The Conway Area Chamber of Commerce expanded its partnership with the Museum of Discovery to bring two interactive, educational exhibits to downtown Conway.

The exhibits, “Mystery of the Mayan Medallion” and “Science and Art,” will span 5,000 square feet in the Grand Theatre Building beginning President’s Day, Feb. 18, until the end of the Toad Suck Daze festival in May.

“Our hope is that this installation will serve as a ‘proof of concept’ for future amenities— like a satellite location for the Museum of Discovery — in downtown Conway,” Chamber official Lindsay Henderson said.

In 2018, the Museum of Discovery teamed up with the chamber to bring Toad Suck Tinkerfest to the annual festival.

Chamber officials said the exhibits will be free to area schools and the public thanks to Nabholz Construction, the Conway Convention and Visitors Bureau, Conway Downtown Partnership, Toad Suck Daze and its presenting sponsors, Cherokee Nation Entertainment and and First Arkansas Bank & Trust contributing to the endeavor.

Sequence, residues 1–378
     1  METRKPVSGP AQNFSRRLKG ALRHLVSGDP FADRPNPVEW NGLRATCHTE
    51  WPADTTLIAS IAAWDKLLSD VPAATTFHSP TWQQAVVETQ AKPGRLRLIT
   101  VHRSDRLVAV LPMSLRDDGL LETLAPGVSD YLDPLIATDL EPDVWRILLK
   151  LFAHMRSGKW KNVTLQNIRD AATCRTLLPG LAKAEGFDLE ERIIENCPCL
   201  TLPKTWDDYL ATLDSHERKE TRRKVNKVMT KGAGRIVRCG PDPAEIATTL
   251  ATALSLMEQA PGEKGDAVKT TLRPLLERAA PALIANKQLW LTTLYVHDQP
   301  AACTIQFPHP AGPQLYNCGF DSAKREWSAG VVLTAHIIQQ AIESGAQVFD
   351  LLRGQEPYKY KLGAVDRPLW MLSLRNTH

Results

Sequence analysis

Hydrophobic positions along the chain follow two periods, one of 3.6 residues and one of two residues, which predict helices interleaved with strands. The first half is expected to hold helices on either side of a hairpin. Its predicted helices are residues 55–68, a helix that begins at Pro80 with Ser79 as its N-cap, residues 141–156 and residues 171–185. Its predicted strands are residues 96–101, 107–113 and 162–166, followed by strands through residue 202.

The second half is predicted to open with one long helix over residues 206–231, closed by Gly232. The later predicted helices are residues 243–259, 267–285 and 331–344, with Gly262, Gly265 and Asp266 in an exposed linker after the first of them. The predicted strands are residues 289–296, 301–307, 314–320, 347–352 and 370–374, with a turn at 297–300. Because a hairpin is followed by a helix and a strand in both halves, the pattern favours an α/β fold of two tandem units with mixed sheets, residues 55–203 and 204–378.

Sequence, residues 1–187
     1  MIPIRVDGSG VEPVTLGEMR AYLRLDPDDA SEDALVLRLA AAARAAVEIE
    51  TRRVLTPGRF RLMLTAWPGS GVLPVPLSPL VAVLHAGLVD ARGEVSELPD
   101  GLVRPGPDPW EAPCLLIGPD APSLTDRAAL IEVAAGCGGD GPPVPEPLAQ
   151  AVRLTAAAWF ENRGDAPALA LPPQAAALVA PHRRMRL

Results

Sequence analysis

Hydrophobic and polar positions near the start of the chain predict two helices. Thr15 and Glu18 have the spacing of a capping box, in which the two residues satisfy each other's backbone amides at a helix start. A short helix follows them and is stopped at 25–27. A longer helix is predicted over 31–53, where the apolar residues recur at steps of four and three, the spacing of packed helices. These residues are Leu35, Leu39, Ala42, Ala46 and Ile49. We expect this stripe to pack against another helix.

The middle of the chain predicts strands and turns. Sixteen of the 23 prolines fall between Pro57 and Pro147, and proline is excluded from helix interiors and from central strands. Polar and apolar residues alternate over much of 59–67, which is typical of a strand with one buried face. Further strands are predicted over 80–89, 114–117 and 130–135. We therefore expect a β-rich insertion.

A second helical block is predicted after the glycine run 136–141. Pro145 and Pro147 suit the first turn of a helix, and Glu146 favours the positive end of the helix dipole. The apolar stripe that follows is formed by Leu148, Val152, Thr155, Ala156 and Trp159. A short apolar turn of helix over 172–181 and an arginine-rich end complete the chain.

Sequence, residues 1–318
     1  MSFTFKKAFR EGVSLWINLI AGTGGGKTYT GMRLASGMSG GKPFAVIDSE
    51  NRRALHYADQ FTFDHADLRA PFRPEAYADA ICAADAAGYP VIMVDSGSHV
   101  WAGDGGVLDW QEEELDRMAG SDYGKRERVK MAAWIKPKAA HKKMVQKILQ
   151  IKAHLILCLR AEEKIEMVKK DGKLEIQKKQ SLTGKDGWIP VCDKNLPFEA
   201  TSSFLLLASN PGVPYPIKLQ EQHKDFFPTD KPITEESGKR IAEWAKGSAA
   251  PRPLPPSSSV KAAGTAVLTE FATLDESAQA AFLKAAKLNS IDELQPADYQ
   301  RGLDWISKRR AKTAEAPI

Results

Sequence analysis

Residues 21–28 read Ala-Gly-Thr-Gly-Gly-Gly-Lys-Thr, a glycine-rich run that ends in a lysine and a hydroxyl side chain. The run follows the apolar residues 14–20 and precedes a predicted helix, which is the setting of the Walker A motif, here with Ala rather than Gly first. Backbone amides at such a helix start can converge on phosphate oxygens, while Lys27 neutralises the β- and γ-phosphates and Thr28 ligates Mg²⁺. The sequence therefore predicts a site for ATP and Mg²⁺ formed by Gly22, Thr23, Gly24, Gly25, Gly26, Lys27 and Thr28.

“Mystery of the Mayan Medallion” and “Science and Art” will be open to the public on weekends and the week of spring break, CDP Executive Director Kim Williams said.

The exhibits have been featured in renowned children’s museums around the U.S.

“Mystery of the Mayan Medallion” is set in the Mexican rain forest. Participants examine skeletal remains, interpret glyphs and symbols in a mural and use science and math skills to solve the mystery.

“Every aspect of the the Mayan adventure is a learning opportunity for children and adults,” a Museum of Discovery spokesman said. “This immersive adventure into the Mayan culture allows visitors to be hands on at every turn.”

“Science and Art” encourages people of all ages “to discover their inner scientist and their inner artist.”

“[The exhibit] explores this amazing connection by introducing visitors to five real-life scientists who have used science to create innovative and unique works of art,” a museum spokesman said.

Participants study Origami, scientific research as interpreted through art and One Bit, which is music that is part art, part physics and part mathematics. The exhibit also highlights fashion design that includes electrical engineering including wearable creations that blink, flash and buzz.

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